A Whirlwind Trip to China – 51 Hours in Shanghai

My friend Stacie, this blog’s Editor in Chief, just got back from her biannual work trip to China.  This time, she had her husband in tow and some extra time to act as a tourist and see the sights…  (When she wasn’t editing my blog posts, which she kindly continued to do even while in China – thank you Stacie).

51 Hours in Shanghai

We arrived in Shanghai at 2:00 PM on Friday and were getting picked up at 5:00 PM on Sunday.  My husband Michael and I had just 51 hours to explore this largest city (by population) in China.  Before we arrived, I studied the US News & World Report’s list of Things to Do in Shanghai, crossed off the sites that were too far outside the city and made my own To See list.  We managed to get to most of my list and we added a walk through of the Tianzifang area, as recommended by my friend from Hong Kong.

Must Do:

Walk The Bund and take in the Shanghai skyline.  The bund is the famed mile long waterside walkway along the bank of the Huangpu River, the view speaks for itself…

718A09F0-B1B3-49F7-ADEA-3B7696FCBC33
The Bund in the foreground and the view of the Shanghai skyline

Visit the Yuyuan Garden, this 5 acre retreat was originally constructed in the 16th century.  It was very crowded on a Saturday afternoon in October, but absolutely worth it!  Be sure to check out the Zig Zag bridge and Yuyuan Old Street before you enter the garden.

5E690A01-A3BE-40CB-BB1C-D6F984832703
Inside the Yuyuan Garden

Explore the Shanghai Museum.  Go early.  When we arrived at around 9:20, there was no line.  When we left an hour later, the line was winding around the front of the building.  Because we were with a tour group we only had one hour to view the many artifacts – more than a million!  I wish we had more time.  Plan for 2-4 hours to survey the ancient currencies, learn about history of porcelain, and much, much more.ED2628E9-4B78-40BE-8E95-6C7C148AEA16

Nice To Do:

Wander around Tianzifang – a touristic arts and crafts enclave in the French Concession area, now home to boutique shops, bars and restaurants.  We enjoyed walking through here.  It’s a great place to pick up souvenirs!A7D3F07D-6734-47E6-A8F8-470D3D00CEDB

Go to the top of The Shanghai Tower.  It is the tallest building in Shanghai and one of the tallest in the world.  AND it has the fastest elevator in the world as recognized by the Guinness Book of World Records.  Amazing views from the top, but don’t go if it’s too cloudy.  Michael also enjoyed the history of tall buildings and the info about how the tower was built that is on display in the lower level.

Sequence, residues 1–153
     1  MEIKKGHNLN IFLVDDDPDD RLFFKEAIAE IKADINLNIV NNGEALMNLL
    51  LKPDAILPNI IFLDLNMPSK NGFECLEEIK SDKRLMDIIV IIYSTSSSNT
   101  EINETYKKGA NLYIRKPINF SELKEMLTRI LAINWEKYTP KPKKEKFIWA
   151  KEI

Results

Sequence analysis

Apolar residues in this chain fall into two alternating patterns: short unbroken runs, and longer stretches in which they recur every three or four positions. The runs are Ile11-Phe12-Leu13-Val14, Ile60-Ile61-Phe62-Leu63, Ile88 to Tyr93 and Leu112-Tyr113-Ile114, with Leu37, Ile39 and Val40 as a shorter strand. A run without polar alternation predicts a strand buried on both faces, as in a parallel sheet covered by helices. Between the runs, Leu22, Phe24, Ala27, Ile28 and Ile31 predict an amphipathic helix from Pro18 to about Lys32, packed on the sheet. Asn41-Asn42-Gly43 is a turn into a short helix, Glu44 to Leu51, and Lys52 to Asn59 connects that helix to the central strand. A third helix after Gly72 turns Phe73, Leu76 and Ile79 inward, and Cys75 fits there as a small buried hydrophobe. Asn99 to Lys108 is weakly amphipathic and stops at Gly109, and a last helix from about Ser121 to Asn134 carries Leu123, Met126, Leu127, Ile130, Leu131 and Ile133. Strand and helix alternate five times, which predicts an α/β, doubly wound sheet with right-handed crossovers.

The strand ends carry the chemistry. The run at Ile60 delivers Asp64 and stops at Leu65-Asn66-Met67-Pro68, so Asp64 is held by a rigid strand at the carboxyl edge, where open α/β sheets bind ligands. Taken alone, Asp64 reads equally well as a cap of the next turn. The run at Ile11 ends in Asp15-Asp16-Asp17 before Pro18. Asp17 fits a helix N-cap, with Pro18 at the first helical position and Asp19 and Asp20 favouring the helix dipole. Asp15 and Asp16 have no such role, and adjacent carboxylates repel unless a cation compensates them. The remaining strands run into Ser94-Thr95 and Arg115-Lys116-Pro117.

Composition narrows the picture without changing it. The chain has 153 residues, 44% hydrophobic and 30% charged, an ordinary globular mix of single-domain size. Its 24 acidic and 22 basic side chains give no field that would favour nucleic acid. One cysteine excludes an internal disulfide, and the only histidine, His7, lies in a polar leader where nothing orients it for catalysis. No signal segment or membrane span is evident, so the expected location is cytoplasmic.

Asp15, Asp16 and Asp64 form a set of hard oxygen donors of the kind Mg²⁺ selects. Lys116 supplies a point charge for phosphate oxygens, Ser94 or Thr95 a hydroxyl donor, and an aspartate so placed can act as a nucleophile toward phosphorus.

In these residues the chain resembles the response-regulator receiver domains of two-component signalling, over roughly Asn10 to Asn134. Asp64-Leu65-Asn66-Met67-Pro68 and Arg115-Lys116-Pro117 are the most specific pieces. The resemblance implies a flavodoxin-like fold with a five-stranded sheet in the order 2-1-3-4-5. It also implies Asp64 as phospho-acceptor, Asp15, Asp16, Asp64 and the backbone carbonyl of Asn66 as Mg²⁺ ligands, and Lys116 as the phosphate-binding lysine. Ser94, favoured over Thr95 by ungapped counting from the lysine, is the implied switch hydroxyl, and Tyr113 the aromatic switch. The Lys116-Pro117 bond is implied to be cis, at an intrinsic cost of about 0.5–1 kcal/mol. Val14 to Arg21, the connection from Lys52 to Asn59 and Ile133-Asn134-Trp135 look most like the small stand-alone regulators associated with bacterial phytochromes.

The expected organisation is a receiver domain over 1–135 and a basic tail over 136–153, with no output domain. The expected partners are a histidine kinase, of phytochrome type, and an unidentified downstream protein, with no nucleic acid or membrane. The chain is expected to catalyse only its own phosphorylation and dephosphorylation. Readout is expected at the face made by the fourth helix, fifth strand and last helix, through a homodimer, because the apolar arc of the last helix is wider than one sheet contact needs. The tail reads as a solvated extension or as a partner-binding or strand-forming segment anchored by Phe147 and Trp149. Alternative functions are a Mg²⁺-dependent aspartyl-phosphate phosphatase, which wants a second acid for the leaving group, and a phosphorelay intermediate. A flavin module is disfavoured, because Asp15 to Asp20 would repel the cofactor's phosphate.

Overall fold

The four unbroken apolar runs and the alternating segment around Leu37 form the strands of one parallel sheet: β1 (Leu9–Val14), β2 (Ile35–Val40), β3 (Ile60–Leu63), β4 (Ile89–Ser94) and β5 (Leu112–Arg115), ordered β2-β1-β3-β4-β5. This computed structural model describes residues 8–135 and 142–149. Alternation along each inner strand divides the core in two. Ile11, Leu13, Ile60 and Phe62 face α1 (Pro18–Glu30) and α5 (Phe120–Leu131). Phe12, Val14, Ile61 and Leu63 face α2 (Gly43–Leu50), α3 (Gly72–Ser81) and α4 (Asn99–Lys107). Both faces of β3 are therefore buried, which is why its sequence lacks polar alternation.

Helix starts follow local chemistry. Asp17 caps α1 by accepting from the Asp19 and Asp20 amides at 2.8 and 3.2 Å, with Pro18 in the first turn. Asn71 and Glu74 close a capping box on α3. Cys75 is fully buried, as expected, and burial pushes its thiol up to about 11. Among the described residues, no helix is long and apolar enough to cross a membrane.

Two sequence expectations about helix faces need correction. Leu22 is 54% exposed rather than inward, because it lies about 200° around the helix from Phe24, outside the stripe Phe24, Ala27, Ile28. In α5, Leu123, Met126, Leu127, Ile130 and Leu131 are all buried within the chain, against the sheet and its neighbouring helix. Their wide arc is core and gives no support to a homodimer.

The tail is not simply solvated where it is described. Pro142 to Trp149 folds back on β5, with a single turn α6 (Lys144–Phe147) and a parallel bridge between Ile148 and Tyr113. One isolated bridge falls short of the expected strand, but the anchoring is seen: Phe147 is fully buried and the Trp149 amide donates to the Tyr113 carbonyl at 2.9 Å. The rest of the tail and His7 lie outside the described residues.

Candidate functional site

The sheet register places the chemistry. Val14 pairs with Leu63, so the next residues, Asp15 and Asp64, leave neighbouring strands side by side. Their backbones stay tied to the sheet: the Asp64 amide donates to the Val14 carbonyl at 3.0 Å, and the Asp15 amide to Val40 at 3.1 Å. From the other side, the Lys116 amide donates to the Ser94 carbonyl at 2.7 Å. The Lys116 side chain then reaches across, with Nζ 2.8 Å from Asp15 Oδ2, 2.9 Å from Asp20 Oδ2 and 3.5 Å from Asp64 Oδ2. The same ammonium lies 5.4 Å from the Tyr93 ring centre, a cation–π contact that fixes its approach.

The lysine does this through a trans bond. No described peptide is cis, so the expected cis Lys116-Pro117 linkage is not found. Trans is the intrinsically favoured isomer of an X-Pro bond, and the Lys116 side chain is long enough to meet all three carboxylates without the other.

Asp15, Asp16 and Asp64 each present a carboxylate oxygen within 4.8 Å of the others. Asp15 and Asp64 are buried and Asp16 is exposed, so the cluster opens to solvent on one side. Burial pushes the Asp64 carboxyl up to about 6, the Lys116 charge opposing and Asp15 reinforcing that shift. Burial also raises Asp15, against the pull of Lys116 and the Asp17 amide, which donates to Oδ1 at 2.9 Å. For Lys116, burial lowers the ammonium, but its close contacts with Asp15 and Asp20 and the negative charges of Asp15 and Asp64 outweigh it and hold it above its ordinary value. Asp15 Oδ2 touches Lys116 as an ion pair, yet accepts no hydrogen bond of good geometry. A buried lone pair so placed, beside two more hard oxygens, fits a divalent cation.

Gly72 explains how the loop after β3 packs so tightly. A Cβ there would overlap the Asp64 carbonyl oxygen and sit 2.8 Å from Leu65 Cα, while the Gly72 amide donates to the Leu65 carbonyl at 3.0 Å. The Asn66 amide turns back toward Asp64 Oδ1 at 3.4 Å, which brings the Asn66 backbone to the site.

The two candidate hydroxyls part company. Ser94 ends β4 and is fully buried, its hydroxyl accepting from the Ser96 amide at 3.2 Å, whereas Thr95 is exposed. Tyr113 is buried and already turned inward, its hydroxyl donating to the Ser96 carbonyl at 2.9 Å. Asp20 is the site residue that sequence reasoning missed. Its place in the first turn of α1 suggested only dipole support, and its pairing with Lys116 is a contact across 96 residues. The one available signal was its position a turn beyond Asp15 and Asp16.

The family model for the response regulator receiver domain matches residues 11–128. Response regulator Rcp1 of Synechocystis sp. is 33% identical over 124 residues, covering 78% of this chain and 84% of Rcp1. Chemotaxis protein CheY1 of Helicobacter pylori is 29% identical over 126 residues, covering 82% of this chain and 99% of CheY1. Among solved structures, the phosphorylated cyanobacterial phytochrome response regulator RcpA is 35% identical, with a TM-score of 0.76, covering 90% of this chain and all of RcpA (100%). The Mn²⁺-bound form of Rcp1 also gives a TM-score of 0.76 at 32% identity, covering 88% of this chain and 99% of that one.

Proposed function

F1AB3B19-6FC9-4F55-AF07-7B25D2A0A0C7
View of the Pearl Tower from the Shanghai Tower.
326BABCF-50FB-4FF4-B458-7E31938CCC59
Model Maglev train at the airport station.

Take the Shanghai Maglev, this is the fastest way to the city from the airport.  The train makes the 18 mile trip in just about 7 minutes.  I wanted to take a cab, but Michael had never been on a Maglev before (Magnetic Levitating train).  I didn’t know it was a thing, but Michael really wanted to check it out.  So we took the train to the city, then a cab to the hotel.

Tips for eating out in China:  Most casual restaurants have community tables, you will likely sit with people you don’t know.  Servers will not come to your table for any reason unless you call them over.  This means waving at them, standing if necessary and calling to them if they still do not see you.  If the nice Chinese woman (who spoke no English, but recognized we needed help) had not called the server to the table, we might still be sitting there waiting.  Oh, and NO TIPPING!  Servers will chase you down and give you your change if you try to tip.  Trust us, we know.

Getting Around:  Our favorite way to explore a new city is on foot, so on Saturday we walked from the hotel to The Bund, with stops at the Yuyuan Garden and lunch.  From the Bund, we took a ferry ride across the river to get to the Shanghai Tower.  After all that walking, I was ready to find the subway to get back home. Screen Shot 2017-11-01 at 5.59.56 AM The subway was super easy!  If you can navigate the NYC subway system, you can figure out how the Shanghai system works.  (Find the button in the lower left corner of the ticket sales screen that switches the language to English.)  Highly recommend the subway as an easy way to get around the city.  Public Transportation in China is super cheap, only 3-4 RMB to get to most places in the city, that’s about 50 cents!

We loved our visit to Shanghai!  Of all the places we visited on this trip, it was definitely our favorite city in China and we would go back.  So… Grab Your Group and GO to SHANGHAI!

About stacie@GrabYourGroupandGO

Happy editor and sometimes contributor for my friends' blogs.

1 Response

Leave a Reply

Fill in your details below or click an icon to log in:

WordPress.com Logo

You are commenting using your WordPress.com account. Log Out / Change )

Twitter picture

You are commenting using your Twitter account. Log Out / Change )

Facebook photo

You are commenting using your Facebook account. Log Out / Change )

Google+ photo

You are commenting using your Google+ account. Log Out / Change )

Connecting to %s